Mozambique: COVID-19 Cases Doubled In 11 Days

With 74 new cases Friday and Saturday (12-13 June), the total number of cases has doubled in just 11 days.  This is the 8th most rapid increase in the world, according to https://ourworldindata.org/ The doubling time has shortened, from 13 days just a week ago. On 20 May the total cases were double those of 26 days before.

Although the infection rate is low, it is accelerating. There is now community spread in Nampula and it is likely to be occurring in Pemba and Maputo city.

One more death has been confirmed, of a man isolating at home in Nampula, bringing the total to three. But for the first time there are press reports claiming spread and deaths within prisons not included in official data because there were no tests done. It is reported that four people in Machava central prison in Matola have died this month from "breathing problems", and at least six more have been hospitalised. (Dossiers & Factos 8 June, Intelyse 5 June)

Mozambique's number of cases is now doubling in 11 days. Its neighbours South Africa, Zimbabwe and Malawi have only slightly longer doubling times of 13-15 days.

Since the start of epidemic, there have been 583 cases of Covid-19 confirmed. Of those, 151 have recovered and 428 are still ill of whom only 3 are in hospital, all in Nampula, according to data including Friday 12 June, reported yesterday. There were 44 new cases confirmed Friday and 30 Saturday:

Nampula: 179 total cases, 25 new Friday and Saturday

Cabo Delgado: 191 total, 18 new

Maputo city: 83, 10

Maputo province: 55, 4

Tete: 17, 11

Sofala: 17, 2

Inhambane: 16, 1

Manica: 6, 0

Niassa: 6, 0

Gaza: 8, 0

Zambezia: 5, 3

Nampula city has the largest number of cases and is the first place with community transmission without an identified focus. The Cabo Delgado outbreak can still be traced back to the Afungi gas work camp of Total, although the new cases are in Palma and Pemba.

Mozambique is largely testing contacts and is testing a smaller portion of the population than most other countries; as a percentage of its population, South Africa is testing 30 times as many people as Mozambique. Also, many deaths may not be registered as Covid-19 related because they were not tested.

Of those tested, only 3% have been positive. Of those testing positive, 50% are asymptomatic.

COVID-19 Will Continue Through 2021

Mozambicans should prepare for “a new normal”, warned the General Director of the National Health Institute (INS), Ilesh Jani, on Friday. It is no longer likely that the coronavirus that causes Covid-19 can be defeated in a matter of months. Mozambicans will be living with Covid-19 throughout 2021. “We will have to learn to live with the virus”, said Jani. That would mean “new ways of working in teams, new models for meeting, for travelling, for organising public events, and for holding funerals”.

He praised the Maputo municipal council, and other municipalities, who are already thinking about how to reorganize markets, so that these become places less likely to spread Covid-19, and thus less dangerous to both vendors and consumers.

So far, Jani pointed out, none of the measures imposed by the Mozambican government under the state of emergency have been relaxed. Restrictive measures include a ban all religious, political, cultural and other activities likely to attract crowds, the restriction of travel to the minimum necessary, the wearing of masks in public, and social distancing of at least 1.5 metres between individuals, particularly in places such as shops and markets. (AIM 12 June)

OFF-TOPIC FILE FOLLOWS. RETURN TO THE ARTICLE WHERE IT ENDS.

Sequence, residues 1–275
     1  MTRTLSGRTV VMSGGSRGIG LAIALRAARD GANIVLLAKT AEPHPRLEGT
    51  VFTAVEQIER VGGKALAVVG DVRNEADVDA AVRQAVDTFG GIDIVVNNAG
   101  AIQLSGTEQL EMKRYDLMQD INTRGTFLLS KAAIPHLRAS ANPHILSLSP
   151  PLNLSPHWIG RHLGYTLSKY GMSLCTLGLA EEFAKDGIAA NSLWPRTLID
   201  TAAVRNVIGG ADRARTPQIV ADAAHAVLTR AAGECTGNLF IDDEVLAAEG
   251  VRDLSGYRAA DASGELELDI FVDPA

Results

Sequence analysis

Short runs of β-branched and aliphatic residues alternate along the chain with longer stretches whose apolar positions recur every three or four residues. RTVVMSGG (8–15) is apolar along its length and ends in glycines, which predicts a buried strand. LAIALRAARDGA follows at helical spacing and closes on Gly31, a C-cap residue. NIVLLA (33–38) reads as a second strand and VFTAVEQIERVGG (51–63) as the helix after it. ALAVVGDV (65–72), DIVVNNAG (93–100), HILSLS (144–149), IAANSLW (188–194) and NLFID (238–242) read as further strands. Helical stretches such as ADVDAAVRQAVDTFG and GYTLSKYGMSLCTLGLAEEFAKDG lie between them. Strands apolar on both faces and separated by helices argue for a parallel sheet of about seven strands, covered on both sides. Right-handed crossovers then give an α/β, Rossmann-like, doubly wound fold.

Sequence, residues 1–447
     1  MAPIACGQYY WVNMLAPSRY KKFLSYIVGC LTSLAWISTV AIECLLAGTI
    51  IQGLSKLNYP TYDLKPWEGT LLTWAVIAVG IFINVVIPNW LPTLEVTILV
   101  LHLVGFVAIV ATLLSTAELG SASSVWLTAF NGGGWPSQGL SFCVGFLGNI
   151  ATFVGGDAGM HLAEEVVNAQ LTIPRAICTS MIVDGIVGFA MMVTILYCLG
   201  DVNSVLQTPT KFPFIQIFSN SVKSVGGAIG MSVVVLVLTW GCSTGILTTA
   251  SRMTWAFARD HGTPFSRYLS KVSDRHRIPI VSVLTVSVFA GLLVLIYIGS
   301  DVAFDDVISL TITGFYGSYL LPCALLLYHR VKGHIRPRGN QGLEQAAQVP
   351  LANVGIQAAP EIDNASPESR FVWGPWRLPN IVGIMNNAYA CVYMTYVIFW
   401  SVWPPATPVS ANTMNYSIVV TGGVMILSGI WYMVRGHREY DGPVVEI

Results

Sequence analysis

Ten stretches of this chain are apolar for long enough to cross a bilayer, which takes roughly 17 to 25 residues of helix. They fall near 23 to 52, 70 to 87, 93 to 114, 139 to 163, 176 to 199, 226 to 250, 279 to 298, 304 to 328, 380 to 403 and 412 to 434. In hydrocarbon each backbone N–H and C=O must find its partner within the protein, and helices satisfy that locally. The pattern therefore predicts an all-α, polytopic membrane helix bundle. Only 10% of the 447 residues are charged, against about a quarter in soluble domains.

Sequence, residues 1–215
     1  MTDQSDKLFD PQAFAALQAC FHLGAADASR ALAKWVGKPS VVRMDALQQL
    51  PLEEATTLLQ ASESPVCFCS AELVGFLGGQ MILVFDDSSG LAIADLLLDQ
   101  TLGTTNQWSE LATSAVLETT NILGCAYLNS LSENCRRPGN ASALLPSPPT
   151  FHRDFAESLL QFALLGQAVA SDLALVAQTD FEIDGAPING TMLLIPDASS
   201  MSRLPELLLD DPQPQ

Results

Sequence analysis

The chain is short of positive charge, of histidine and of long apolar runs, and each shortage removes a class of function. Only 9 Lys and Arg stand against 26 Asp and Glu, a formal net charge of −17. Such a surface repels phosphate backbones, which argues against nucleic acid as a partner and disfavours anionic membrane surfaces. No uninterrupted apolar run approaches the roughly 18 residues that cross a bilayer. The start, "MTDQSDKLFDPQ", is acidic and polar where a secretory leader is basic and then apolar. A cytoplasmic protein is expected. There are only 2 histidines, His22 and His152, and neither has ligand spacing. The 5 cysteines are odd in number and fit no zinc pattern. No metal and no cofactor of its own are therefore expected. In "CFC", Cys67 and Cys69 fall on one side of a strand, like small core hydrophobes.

Google mobility data (graphed below) based on mobile telephone locations can be used to compare January with the period after the emergency was declared on 1 April. It shows dramatically that the emergency had an effect, with more people staying at home and fewer people going to work and shopping. But the effect had partly worn off at the beginning of May, with more people at work and shopping, although use of public transport remained down. In Nampula, which is now the main centre of community transmission, people have largely stopped obeying the emergency restrictions, as has been reported in the press.

The graphs show movement of mobile telephones compared to the baseline period of January, which is a holiday period. Thus the yellow workplace line is above the January level in February and March as more people went to work. For all of Mozambique and for Maputo it falls below the January level in April, showing the Emergency rules are being obeyed. And for May it shows that people going to their workplace has only increased to the January level and not the March level. The data also shows more people staying at home and fewer people going to restaurants and using public transport. Thus for Mozambique in general and Maputo city, the Emergency rules are still being partially obeyed.

The problem of neighbouring states

One of Mozambique's problems is the very long borders which are commonly crossed unofficially, and that people could bring the disease over the border. It is already suggested that truck drivers may have brought the disease into Mozambique.

South Africa has a quarter of all Africa's Covid-19 cases, although the infection and death rate are still much lower than Europe and the United States.

The biggest difficulty may be denial in neighbouring states. Tanzania stopped publishing official data on 29 April, when there were already 21 deaths. On Sunday 7 June Tanzania's President John Magufuli told worshippers in a church in the capital, Dodoma. that "the corona disease has been eliminated thanks to God," and the prayers by citizens mean the country is "coronavirus-free." But reliable reports say that Covid-19 is serious in Tanzania and that recent deaths include a prominent academic.

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